To accelerate development of new sensors for the Internet of Agri-things, and tackle issues such as rural crimes including sheep-rustling, Norfolk and Suffolk County Councils have laid the UK’s first free Innovation Network of internet gateways spanning across rural East Anglia.
“If they find an isolated area where the sheep are penned, they literally cut off the head, the hooves, throw the bodies into the van and drive off…” former video producer Kate de Vries learned from Nottinghamshire Constabulary something of the range of rural crimes that county were fighting. But as cases of organised sheep rustling rise in the UK, de Vries, now an Economic Development Officer at Norwich County Council, sees herself as part of the solution.
“You can build or buy a sensor to monitor almost anything – movement, vibration, sound, air quality, GPS – these are small, low cost devices that feed back to the owner via long range radio waves,” de Vries explains.
Internet of Agri-Things
These diverse sensors, which together make up the Internet of Things (IoT), have the potential to revolutionise agriculture by transmitting live data to their owners, but they require nearby receiver ‘gateways’ in order to get their message across.
To bring all sensors in the region online, throughout rural East Anglia, Norfolk and Suffolk County Councils, in partnership with the New Anglia LEP, have combined to build a region-wide network of gateways, available free of charge to anybody.
“The network has big potential to protect the farming community from theft,” says de Vries. “For example, by installing a movement sensor upon the farm gate, linking to an infra-red camera on the road, attempts to enter the sheep field could be recorded and sent live to the land owner.”
The Norfolk and Suffolk Innovation Network is being rolled out as we speak. Norfolk is now about 50% covered. A formal launch is taking place on 15th September, and will allow anybody in the region to create a sensor array at low cost and connect it to the network free of charge.
“This is a huge boost for technologists to get local projects up and running,” de Vries continues, “you can go to your business client – to the local farm – and you can demonstrate to that client how your sensor technology works, rather than having to build your own network of gateways in advance. The IoT Innovation Network is just one aspect of Norfolk County Council’s ambition to make Norfolk the best connected rural county within the country.”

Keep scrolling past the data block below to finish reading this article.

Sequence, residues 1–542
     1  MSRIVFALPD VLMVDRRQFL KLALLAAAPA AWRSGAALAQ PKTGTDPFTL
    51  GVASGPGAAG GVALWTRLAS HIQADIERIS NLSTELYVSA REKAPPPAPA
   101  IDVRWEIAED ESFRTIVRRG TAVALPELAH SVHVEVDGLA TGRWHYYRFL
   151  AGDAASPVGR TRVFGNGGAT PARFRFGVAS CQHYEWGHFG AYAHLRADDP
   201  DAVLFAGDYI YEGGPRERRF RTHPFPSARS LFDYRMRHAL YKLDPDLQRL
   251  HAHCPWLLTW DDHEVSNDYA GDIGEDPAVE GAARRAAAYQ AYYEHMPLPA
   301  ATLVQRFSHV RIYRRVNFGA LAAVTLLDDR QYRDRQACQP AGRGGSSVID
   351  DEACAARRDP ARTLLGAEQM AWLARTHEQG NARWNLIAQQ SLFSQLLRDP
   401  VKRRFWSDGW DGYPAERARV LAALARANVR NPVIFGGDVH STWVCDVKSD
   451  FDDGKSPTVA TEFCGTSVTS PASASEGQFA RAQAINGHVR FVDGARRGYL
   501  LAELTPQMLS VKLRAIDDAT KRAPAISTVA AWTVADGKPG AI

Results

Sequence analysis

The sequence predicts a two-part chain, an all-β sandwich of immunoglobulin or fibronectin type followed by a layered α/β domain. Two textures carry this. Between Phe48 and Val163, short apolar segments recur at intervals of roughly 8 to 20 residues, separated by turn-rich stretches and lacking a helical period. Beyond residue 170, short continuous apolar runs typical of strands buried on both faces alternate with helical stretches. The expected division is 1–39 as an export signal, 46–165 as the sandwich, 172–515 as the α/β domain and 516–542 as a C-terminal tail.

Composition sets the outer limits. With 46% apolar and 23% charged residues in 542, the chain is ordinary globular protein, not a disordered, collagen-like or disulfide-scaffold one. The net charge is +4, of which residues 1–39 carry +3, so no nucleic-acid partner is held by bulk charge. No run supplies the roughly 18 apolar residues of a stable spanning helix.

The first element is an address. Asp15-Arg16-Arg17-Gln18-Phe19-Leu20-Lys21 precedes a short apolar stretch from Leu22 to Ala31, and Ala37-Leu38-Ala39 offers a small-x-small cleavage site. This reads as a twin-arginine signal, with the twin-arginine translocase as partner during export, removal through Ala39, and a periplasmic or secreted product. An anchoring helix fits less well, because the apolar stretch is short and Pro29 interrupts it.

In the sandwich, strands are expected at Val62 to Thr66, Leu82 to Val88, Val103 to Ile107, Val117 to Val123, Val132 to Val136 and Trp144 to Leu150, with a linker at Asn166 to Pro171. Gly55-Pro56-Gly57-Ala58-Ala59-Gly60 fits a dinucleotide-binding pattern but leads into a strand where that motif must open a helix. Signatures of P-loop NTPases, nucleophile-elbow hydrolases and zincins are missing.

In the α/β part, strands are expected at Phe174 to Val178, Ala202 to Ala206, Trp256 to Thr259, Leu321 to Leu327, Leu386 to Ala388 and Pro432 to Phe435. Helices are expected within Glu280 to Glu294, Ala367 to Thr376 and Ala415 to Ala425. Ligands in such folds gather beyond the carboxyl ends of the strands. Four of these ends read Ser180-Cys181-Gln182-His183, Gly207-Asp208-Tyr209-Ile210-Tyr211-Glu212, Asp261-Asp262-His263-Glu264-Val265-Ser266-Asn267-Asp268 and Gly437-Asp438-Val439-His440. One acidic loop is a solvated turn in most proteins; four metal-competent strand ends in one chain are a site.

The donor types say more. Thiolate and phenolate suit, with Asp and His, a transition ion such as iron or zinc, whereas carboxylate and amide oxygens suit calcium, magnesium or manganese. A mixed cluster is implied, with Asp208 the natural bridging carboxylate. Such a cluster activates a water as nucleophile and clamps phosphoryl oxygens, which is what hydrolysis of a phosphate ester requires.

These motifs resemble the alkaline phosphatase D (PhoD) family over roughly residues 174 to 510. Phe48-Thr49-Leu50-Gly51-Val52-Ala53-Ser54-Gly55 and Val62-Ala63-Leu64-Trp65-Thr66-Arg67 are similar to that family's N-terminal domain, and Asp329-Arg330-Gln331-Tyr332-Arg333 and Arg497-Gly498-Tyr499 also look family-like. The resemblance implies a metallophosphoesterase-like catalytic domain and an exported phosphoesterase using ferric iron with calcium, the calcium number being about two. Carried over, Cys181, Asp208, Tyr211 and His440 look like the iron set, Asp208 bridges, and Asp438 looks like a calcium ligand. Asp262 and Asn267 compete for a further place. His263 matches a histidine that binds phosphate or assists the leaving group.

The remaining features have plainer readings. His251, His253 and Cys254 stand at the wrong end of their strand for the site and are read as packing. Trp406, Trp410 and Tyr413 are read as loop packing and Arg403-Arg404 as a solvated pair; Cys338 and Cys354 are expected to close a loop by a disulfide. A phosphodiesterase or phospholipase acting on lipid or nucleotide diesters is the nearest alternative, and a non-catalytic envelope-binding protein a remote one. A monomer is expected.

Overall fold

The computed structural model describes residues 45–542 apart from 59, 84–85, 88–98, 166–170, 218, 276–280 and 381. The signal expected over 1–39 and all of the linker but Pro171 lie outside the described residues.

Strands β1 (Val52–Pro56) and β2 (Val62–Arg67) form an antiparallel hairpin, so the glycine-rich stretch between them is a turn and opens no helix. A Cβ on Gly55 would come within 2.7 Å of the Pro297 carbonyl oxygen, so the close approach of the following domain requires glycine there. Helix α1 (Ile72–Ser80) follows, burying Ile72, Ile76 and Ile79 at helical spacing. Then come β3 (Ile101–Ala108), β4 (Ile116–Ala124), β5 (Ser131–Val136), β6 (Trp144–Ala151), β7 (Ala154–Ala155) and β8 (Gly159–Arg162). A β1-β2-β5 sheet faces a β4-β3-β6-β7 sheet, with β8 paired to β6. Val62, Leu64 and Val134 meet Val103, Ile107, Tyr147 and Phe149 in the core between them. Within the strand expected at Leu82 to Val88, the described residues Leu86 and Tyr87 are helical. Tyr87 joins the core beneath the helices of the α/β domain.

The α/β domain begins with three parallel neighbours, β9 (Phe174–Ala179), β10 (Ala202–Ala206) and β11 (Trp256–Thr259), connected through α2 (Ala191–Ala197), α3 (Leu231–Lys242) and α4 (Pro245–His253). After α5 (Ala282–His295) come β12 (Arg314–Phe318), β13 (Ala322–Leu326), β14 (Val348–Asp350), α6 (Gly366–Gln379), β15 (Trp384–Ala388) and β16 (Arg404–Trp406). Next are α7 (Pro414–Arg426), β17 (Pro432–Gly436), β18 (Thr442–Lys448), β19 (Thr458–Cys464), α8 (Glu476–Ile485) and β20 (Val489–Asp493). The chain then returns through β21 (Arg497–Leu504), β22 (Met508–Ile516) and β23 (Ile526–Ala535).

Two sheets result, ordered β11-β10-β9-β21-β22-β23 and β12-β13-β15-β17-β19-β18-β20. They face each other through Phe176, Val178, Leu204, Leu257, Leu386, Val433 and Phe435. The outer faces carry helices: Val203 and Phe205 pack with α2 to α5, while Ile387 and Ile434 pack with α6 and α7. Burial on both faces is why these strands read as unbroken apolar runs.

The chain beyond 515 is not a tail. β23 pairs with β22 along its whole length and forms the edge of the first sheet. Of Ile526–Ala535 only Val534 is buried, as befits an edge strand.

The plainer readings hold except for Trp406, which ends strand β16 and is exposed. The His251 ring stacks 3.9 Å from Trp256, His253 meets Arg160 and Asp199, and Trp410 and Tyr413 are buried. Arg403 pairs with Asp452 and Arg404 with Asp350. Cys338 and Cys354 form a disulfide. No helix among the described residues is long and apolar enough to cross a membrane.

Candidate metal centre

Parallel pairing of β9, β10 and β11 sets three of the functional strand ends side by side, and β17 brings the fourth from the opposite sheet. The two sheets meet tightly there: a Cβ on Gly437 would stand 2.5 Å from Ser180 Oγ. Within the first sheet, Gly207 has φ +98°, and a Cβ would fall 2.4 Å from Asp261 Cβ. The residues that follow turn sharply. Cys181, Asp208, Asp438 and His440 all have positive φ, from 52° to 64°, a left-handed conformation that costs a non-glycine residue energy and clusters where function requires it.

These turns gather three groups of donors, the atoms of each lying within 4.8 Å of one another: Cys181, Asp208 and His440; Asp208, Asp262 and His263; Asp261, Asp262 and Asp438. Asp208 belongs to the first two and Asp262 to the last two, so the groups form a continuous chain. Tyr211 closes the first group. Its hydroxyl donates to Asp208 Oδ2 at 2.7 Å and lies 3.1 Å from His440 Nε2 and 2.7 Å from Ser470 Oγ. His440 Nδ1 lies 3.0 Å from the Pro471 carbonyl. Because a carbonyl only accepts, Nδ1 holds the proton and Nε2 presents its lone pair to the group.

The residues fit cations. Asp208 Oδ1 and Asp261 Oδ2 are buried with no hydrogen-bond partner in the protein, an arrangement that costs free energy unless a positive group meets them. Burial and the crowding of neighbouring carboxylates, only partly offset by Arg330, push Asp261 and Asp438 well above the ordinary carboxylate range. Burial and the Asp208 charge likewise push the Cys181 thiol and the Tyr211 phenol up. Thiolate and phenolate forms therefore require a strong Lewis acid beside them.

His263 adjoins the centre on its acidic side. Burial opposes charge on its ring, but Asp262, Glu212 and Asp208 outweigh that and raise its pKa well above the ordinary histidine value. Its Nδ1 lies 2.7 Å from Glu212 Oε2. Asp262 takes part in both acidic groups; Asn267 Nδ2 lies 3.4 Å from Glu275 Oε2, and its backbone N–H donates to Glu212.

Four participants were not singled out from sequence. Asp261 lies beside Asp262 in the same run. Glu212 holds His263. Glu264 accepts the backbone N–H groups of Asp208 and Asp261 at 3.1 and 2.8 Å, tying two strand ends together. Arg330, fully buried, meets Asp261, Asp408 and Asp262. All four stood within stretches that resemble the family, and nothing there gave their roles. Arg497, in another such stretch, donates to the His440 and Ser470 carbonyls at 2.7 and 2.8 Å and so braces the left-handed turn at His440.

Free and easy to get connected
“The Innovation Network represents a wonderful opportunity,” agrees David Whattoff, MD of METOS UK, who supply sensors used by Ben Burgess. Carl Pitelen of Ben Burgess noted that the Innovation Network was “really easy to install and set up”. Ben Burgess are working with one potato farmer, for example, with soil based sensors picking up a range of data including rain and weather data, for disease monitoring and control. Previously data had to be collected manually, now the weather stations tick away returning information every 15 minutes via the gateway installed on Norfolk County Council’s County Hall headquarters.
The Innovation Network, which was set up following a successful bid for £440,000 from the New Anglia Local Enterprise Partnership (LEP), is intended to help digital companies in Norfolk and Suffolk to launch new products at lower cost and risk to themselves.
However Kate de Vries is keen to point out that farmers and land owners are also free to use the network to solve problems directly themselves.
“What we’re saying is, this is a prototyping network – anybody can play with it – access to the network is free of charge and sensors can be purchased at very low cost from various local suppliers.”